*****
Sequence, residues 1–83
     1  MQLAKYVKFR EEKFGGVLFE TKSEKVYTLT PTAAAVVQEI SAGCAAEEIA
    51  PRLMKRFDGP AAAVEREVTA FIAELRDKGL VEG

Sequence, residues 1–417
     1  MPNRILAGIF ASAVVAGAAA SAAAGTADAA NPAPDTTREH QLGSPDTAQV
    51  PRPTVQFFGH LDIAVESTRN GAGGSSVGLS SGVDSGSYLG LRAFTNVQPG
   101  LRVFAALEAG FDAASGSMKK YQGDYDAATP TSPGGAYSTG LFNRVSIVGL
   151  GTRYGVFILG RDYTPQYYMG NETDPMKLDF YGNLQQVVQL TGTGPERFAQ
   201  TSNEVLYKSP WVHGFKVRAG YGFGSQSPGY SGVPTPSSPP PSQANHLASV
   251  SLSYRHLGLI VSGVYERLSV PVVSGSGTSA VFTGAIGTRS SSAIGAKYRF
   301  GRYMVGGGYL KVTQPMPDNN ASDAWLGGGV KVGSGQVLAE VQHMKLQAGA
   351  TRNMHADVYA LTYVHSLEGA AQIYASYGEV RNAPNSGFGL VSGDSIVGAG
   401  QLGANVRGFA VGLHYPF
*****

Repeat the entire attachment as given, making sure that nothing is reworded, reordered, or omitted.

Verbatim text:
Sequence, residues 1–83
     1  MQLAKYVKFR EEKFGGVLFE TKSEKVYTLT PTAAAVVQEI SAGCAAEEIA
    51  PRLMKRFDGP AAAVEREVTA FIAELRDKGL VEG

Sequence, residues 1–417
     1  MPNRILAGIF ASAVVAGAAA SAAAGTADAA NPAPDTTREH QLGSPDTAQV
    51  PRPTVQFFGH LDIAVESTRN GAGGSSVGLS SGVDSGSYLG LRAFTNVQPG
   101  LRVFAALEAG FDAASGSMKK YQGDYDAATP TSPGGAYSTG LFNRVSIVGL
   151  GTRYGVFILG RDYTPQYYMG NETDPMKLDF YGNLQQVVQL TGTGPERFAQ
   201  TSNEVLYKSP WVHGFKVRAG YGFGSQSPGY SGVPTPSSPP PSQANHLASV
   251  SLSYRHLGLI VSGVYERLSV PVVSGSGTSA VFTGAIGTRS SSAIGAKYRF
   301  GRYMVGGGYL KVTQPMPDNN ASDAWLGGGV KVGSGQVLAE VQHMKLQAGA
   351  TRNMHADVYA LTYVHSLEGA AQIYASYGEV RNAPNSGFGL VSGDSIVGAG
   401  QLGANVRGFA VGLHYPF